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About here_2_help

  • Birthday 12/17/1960

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    No special interests, really. Kind of a jack-of-all-trades/master-of-none kind of person.

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  1. I know it's a lot of work, Bob. Thanks for all your prior efforts.
  2. Some hopefully helpful stuff: 48 CFR 9904.410-30: 48 CFR 9904.410.40: 48 CFR 99404.410-60(c): In summary, CAS permits the treatment of selling costs as either a component of G&A expenses or a component of another indirect cost pool (i.e., "overhead" pool). As has been posted above, it is the contractor's decision, which then must be followed consistently thereafter.
  3. $20M project 15% = $3M 40% of $3M = $1.2M If you are concerned that you cannot meet the required amount, don't bid. Don't hope you can make it--know you can. Have a solid plan in place. Or don't bid. I have no insight into your other questions.
  4. Yes, there is such a rule of thumb and it's very straight-forward. Make the subcontractor provide detailed support for each of the costs being claimed. Make the subcontractor show you how those costs were incurred solely because of the delay, and not for any other reason. Make the subcontractor show you how the costs could not have been avoided with respect to your subcontract. There. That's it. Everything else in this thread is, in my opinion, not responsive to your question.
  5. I'm excited to learn what "carrying costs" means in this context. I Googled the phrase, and it seems to have something to do with the cost of maintaining inventory. If you can, please let me know how the subcontractor calculated its additional incremental costs related to an inability to start work as anticipated. I'm also interested to learn what "FE" stands for -- Field Engineers?
  6. JDE, As Joel noted in his response, there is no way to answer your question without more facts. For example, - Was the contractor required to provide cost or pricing data? Was the data required to be certified? - What are the contract types? - How were offerors evaluated? So ... your question needs to be refined & enhanced. Even then, nobody here will be able to address "legal/compliant under federal contract law" because legal advice is something you get from your own attorneys. At the very most, somebody might give you insight into what the applicable regulations say about the issue.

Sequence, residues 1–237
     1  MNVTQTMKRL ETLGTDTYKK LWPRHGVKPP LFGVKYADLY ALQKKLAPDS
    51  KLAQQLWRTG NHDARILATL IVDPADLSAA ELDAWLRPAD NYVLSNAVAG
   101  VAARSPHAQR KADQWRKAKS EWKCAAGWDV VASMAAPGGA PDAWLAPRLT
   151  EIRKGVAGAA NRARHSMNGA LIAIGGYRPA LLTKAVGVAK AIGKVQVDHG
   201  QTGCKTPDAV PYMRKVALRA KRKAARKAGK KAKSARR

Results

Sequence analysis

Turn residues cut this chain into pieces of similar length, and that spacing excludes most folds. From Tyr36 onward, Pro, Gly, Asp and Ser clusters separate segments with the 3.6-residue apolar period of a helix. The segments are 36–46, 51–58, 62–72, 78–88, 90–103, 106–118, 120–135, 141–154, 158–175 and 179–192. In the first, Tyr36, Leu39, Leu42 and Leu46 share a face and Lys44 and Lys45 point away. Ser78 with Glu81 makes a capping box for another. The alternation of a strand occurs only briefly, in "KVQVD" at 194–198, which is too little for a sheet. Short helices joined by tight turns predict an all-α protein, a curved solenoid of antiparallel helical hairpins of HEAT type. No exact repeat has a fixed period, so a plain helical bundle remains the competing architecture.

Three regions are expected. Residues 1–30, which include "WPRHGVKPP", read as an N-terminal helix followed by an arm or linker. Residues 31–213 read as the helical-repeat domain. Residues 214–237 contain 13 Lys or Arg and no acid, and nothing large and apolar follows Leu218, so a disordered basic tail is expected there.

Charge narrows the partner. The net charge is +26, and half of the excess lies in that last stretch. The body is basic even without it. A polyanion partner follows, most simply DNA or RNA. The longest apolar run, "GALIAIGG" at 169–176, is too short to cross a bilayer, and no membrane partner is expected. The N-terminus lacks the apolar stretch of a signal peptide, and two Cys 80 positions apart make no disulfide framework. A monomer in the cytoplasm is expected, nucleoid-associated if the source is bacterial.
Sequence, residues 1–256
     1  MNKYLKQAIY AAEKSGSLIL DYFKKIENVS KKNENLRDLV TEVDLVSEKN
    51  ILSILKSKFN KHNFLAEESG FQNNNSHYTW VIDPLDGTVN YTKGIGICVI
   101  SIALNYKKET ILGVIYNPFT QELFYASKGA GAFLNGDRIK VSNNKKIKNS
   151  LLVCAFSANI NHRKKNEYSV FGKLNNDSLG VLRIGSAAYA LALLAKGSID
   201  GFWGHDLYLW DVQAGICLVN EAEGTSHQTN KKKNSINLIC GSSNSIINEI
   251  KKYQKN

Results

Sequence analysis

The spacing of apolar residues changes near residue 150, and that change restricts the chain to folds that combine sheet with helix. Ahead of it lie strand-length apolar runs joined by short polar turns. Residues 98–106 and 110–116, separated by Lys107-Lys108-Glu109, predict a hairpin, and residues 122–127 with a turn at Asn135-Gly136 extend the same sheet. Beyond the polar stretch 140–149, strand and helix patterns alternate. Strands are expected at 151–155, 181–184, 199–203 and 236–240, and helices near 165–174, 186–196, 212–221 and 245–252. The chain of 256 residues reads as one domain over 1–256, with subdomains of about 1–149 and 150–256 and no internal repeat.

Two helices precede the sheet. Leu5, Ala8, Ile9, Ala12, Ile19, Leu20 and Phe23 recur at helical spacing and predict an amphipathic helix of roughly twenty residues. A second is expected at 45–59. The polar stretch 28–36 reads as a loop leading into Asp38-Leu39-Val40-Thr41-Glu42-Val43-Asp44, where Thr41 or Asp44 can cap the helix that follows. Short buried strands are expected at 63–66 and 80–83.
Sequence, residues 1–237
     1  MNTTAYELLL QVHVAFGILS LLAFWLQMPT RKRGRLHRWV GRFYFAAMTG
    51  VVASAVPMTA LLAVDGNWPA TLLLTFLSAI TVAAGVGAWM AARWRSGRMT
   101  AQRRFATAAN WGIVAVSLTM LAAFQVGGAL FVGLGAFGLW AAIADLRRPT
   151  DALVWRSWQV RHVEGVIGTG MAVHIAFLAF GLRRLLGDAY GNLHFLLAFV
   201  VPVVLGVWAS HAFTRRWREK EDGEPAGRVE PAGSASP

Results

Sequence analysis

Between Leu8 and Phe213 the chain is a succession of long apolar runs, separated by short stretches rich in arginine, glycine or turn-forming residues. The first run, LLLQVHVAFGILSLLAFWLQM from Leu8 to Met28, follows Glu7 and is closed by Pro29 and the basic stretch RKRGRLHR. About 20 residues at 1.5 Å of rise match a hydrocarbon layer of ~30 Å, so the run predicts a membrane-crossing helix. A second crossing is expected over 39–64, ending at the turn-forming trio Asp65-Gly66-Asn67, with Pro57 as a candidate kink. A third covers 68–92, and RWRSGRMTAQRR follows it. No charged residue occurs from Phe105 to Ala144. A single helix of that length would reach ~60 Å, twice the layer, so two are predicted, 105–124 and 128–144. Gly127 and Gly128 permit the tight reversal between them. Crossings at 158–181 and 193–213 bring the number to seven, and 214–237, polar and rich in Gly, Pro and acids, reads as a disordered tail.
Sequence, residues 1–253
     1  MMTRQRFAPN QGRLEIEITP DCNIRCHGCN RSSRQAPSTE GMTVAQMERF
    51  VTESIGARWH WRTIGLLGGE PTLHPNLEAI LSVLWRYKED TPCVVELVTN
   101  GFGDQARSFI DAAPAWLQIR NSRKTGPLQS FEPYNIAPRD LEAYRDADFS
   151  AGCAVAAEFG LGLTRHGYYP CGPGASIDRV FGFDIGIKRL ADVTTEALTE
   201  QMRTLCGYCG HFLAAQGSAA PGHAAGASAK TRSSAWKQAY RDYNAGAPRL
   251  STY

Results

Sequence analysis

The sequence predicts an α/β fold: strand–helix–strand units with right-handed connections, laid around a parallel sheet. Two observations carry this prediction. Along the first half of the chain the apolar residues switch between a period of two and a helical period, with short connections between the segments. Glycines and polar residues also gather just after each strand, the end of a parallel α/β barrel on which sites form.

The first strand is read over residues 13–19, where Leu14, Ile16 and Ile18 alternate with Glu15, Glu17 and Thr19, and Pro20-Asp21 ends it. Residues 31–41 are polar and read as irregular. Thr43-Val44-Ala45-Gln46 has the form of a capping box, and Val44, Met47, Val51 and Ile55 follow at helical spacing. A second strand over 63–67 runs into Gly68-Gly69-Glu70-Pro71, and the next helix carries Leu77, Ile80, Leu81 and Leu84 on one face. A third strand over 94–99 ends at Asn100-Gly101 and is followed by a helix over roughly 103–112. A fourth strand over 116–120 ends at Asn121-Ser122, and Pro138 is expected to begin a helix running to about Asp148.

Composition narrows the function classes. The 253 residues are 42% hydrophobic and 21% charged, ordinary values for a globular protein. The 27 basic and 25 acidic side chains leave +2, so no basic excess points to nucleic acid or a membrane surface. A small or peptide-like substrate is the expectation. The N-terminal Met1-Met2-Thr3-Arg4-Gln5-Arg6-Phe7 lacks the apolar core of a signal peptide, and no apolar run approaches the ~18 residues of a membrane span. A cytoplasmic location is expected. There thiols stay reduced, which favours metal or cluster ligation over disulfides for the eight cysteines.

7. 1. Did you check for appropriate clauses? 2. What do you mean by the term "percentages"? 1. In the DFARS, an acceptable MMAS meets 10 adequacy criteria. Does your MRP system meet those 10 criteria? If not, then it's probably not acceptable. 2. "Why not?" Suggest you write your Congressperson or Senator. Perhaps you can get the regulations changed! It's fairly well known that the MMAS clause is inserted into contracts for which it should be N/A, but it's a mandatory clause so there it is; you are expected to comply with the clause's requirements. If you want the work, I suggest your company invest in a compliant system of policies, procedures, and practices.
  8. Have you reviewed the guidance at FAR 15.404-1(d)? If the offeror's proposed price includes an estimated cost paid to a subcontractor for performing part of the SOW or PWS, then I would think that the subcontractor's estimated cost would be an item subject to analysis. Why wouldn't it be?